People with learning difficulties and crime reduction agencies often use different words to describe violence, says Joanna Perry
Bullying, harassment, abuse, assault, hate crime. What do these words mean? And do we all mean the same thing by them? In my experience, people think they do until they really start talking about it. Recently, I assembled a group of people to talk about these words.
In attendance were people with learning difficulties, police officers, community safety officers, independent living supporters, health workers and adult protection specialists. They were brought together by the Bournemouth Forum, a self-advocacy group of people with learning difficulties.
I got people from different backgrounds and perspectives to face each other and talk for a couple of minutes about what these words mean before they were cut short and asked to move chairs and talk to someone else.
We then all came together to share our conversations. I always find this technique creates the environment where people with and without learning difficulties help each other understand how they communicate about the everyday violence that goes on.
“Why do you tell us to ignore it?” was one question raised by people with learning difficulties directed to the police. This kind of meeting usually produces several answers to questions like this. Conversations between police officers and people with learning difficulties and their supporters revealed that the word “bullying”, although commonly associated with violence that happens inside institutions such as schools, is the word people with learning difficulties are most likely to use to describe the spitting, “thumping” (as one person put it), bottle throwing and violent verbal abuse at bus stops, outside shops and on the streets that they put up with everyday.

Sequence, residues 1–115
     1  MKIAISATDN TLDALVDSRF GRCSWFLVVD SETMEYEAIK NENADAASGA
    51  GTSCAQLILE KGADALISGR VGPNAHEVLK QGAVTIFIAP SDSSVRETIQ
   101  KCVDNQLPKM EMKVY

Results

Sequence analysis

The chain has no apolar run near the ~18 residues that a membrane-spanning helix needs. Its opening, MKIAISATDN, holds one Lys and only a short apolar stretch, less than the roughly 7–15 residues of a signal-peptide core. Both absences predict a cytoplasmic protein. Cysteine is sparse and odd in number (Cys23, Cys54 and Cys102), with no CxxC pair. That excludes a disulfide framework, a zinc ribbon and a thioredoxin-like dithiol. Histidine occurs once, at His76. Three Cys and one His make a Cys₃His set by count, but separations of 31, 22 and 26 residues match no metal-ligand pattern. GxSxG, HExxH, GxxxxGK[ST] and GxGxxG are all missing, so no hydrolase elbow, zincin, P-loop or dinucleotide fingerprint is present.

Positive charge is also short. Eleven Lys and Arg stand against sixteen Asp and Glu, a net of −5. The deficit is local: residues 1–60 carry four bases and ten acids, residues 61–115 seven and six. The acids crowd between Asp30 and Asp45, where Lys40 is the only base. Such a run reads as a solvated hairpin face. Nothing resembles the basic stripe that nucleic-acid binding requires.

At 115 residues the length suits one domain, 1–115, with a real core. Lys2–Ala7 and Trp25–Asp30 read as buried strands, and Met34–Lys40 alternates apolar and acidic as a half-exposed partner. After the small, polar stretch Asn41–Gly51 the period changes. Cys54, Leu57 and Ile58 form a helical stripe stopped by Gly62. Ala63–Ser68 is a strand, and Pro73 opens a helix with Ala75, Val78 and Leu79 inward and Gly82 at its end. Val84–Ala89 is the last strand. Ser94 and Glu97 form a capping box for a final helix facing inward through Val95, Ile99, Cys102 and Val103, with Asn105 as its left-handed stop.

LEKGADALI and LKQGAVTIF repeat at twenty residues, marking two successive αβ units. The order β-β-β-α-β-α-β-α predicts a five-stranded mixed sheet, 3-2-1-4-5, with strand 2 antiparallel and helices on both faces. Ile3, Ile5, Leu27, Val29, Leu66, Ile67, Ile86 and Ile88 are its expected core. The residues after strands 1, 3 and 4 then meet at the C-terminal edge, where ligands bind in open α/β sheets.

Equally, people with learning difficulties and their supporters learned that the police need lots of detail about what happened so that they know just how serious it is and have specific allegations to investigate. For example, explaining that you think an attack was committed because you have learning difficulties is likely to lead to the police treating it as a hate crime – thus seeing it as their responsibility to take action rather than to tell you to ignore it.
Conversations between professionals such as adult protection and crime and disorder reduction officers reveal that the violence that the former calls “abuse”, the latter is more likely to call “assault” or “hate crime”.
As a result, the best of these conversations led to agreements to work to shared definitions. These will form the basis of the partnership approach that is needed to ensure that the violence that people with learning difficulties experience is captured by the mainstream crime and disorder reduction agenda, supported by adult protection expertise.
Joanna Perry is policy manager, Victim Support